HALIFAX — The party was just getting started when John Ryerson took the mic. The director of events for the Atlantic Schooners stood at Grand Parade square in downtown Halifax, with Halifax’s city hall behind him, as Friday afternoon shifted into the evening.
Wearing the Schooners jersey he’s worn to over 30 Grey Cups, the lifelong CFL fan thanked the Saskatchewan Roughriders’ pep band for their performance and spoke to the growing crowd at the Grey Cup 109 Party Headquarters block party.
Ryerson’s passion for the idea of having a team from Atlantic Canada join the CFL poured out of him. He told the crowd that he wouldn’t give up and that he believed the region would land the team he’s spent decades hoping for. This week, with the Touchdown Atlantic game in Wolfville, N.S. bringing fans from across the country out to watch the Riders play the Toronto Argonauts, provided a small but meaningful taste of what could be.
“I think with (the events) happening in Halifax, it’s really the cement that we needed in this program. We needed Halifax to see what a small sampling of what they could have really is,” Ryerson said as Eclectic Revival belted out some traditional East Coast songs behind him.
“I think that by looking around and seeing the Rider fans and the Winnipeg fans and the Argos fans and everybody here, this has never happened before here. So what I’m thinking is that maybe it needed that punch. This might be the punch that really, maybe galvanizes the thoughts on getting a team and building a stadium in Halifax. I think it’s closer than people think.”
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Ryerson has been a longtime host of the Atlantic Schooners Kitchen Party at Grey Cup weeks across the country. At his 2018 Grey Cup party in Edmonton, Schooner Sports and Entertainment, the ownership group that aims to bring a team to Atlantic Canada, let Ryerson officially unveil the team name. While he waits for that 10th CFL team to become a reality, he’s enjoying this week and taking a good look at what the CFL in the Maritimes can look like.
He helped organize the 2005 pre-season game in Halifax, but had to miss it to attend a wedding. Flight cancellations and delays got him back from Toronto into Halifax this year just in time to enjoy the festivities.
“I’m so excited, because when you wish for something and you wish for it and you wish for it, and it finally happens it’s just a sweet moment,” Ryerson said.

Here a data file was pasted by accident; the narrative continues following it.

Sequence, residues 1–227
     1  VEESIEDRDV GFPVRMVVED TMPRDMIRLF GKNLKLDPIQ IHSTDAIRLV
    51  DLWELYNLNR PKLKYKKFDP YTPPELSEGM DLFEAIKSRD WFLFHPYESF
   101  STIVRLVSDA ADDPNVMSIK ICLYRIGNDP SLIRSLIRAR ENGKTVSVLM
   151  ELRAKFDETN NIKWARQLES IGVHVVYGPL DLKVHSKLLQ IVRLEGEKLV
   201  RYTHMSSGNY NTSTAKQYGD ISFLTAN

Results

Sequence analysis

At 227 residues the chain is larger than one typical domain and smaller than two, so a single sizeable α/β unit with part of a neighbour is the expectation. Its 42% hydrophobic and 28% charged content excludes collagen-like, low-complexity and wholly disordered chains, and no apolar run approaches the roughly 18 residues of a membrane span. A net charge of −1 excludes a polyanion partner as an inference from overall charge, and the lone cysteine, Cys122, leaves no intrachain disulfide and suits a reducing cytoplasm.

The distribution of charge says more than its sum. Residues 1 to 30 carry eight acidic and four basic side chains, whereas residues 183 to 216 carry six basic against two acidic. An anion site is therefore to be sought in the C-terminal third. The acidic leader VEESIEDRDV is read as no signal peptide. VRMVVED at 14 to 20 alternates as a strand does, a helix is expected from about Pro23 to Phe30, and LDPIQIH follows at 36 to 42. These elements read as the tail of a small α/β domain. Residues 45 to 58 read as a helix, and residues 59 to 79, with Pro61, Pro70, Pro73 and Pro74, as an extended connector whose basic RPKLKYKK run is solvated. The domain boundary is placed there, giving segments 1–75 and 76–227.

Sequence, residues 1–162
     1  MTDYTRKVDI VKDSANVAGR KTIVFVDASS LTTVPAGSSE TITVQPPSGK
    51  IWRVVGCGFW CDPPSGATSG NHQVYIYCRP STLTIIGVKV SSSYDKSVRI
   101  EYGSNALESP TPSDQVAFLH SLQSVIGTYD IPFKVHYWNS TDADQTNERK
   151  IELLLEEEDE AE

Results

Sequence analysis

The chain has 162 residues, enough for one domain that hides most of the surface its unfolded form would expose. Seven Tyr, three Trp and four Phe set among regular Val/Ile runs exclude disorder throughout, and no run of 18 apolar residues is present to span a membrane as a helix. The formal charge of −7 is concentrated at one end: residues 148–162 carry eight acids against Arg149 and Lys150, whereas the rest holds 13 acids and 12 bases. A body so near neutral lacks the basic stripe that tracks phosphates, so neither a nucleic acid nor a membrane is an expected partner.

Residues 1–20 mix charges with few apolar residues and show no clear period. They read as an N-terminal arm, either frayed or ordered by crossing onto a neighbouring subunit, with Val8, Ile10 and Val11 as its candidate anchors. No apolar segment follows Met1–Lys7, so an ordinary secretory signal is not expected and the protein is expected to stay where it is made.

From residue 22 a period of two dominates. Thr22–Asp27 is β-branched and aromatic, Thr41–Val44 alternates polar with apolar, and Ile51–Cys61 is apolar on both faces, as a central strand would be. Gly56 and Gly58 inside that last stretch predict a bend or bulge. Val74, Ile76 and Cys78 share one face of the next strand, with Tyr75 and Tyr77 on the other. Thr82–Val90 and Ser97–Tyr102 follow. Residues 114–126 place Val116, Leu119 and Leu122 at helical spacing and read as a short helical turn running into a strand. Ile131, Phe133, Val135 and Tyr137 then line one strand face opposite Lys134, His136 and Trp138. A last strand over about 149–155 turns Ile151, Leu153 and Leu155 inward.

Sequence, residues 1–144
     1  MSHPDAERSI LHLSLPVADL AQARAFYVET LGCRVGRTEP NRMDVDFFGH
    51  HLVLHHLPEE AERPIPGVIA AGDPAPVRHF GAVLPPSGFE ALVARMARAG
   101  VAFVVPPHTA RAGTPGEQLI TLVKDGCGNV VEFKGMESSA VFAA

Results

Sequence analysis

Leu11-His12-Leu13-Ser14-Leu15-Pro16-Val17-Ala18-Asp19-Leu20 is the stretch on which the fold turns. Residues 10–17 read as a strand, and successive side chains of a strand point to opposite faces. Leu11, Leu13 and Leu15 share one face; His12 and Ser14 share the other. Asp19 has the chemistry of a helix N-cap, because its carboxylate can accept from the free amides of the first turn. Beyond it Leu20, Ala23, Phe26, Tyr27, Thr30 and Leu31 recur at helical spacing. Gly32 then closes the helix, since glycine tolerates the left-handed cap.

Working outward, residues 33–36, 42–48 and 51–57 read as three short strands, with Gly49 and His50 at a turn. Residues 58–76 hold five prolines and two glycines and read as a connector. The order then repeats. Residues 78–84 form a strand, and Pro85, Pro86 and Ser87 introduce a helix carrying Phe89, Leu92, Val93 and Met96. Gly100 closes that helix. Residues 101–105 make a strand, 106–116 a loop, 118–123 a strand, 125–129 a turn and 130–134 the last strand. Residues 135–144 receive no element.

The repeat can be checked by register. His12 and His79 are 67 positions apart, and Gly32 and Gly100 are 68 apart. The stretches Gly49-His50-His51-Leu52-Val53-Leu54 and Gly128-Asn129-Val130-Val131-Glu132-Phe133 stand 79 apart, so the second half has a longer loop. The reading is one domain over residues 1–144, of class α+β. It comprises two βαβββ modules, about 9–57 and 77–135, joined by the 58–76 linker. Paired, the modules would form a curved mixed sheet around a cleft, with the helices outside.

“This to me is a sweet moment. Tomorrow it will feel it’s going to be even sweeter. It’s real. This is a real football game. It’s not pre-season, this is the real stuff. This is what we could be enjoying on a regular basis in this part of the country. And there will be a way we’ll get it done. We just will.”
Not too far from Ryerson, Fallon and David Keogan sat in the park clad in their Riders gear, taking in the festivities. The couple flew in from Regina for the game to support their team, making their first-ever trip to Halifax.
Fallon joked that as downtown Halifax started to fill up with green jerseys and t-shirts, locals were stopping them to ask what was happening. It felt familiar to them.
“I think they could do something out here like we do in Saskatchewan,” David said.
“They would get people traveling from all over the Maritimes to come to the games and build up a similar culture to what we’ve got in Saskatchewan. I think that would be great.”
Near the stage, Sherri Bourne was enjoying the Riders’ pep band. A native of Carbonear, NFLD., Bourne has lived in Halifax for seven years. Thanks to her three girlfriends from Saskatchewan, she was decked out in Riders gear, complete with a Riders’ logo sticker on her cheekbone.
“There’s a lot of hype around what’s going to happen in Wolfville,” she said, while clarifying football was something new to her. Still, she was loving the atmosphere at the block party and sees the positives of having a team in this region.
“Look at the Wanderers (of the Canadian Premier League),” she said. “It brings a lot of energy to the town and everyone loves to have a team to cheer for. It would be fantastic. It just brings everybody out. It’s community.”
Rob Millard led a rowdy group of Argos fans into the fun of Friday night. Wearing a team flag over his shoulders like a cape, the Trenton, Ont. resident has made a number of trips out east for Touchdown Atlantic games and jumped at the chance to get out to Halifax and Wolfville this year.
“(The atmosphere) is great because you’ve got the two best teams in the CFL here. You’ve got the Riders,” he said, raising his voice and gesturing over to a table full of fans in green. “Great guys. And you’ve got the Argos: Greater guys!”
Millard said it felt like a Grey Cup atmosphere for him and his friends this week, seeing fans of teams across the league travelling to take in a game in a new location. If it were to all work out and a team did get to the Maritimes, the idea of a Grey Cup out here would be very exciting to Millard.
“It’s not just the community here to support their team. They’d have the whole CFL that would come and go to the game,” he said.
“The Grey Cup in Halifax would be the best in the history of the Grey Cup,” Ryerson said.
“People will come here, there’s a good chance they might not even want to go home. It would be so powerful. I don’t have the words to explain what a Grey Cup would be like in the city of Halifax…and with their team in it? Wow, what a perfect storm, so to speak.”
“Oh, I’d come, for sure. It’d be great,” said Gord Cross, another Saskatchewan resident that made the trip to Halifax. “We’re having a great time here, so (a Grey Cup trip) would just a little bit of a longer time. And later in the year so we’d get more lobster. That’d be perfect.”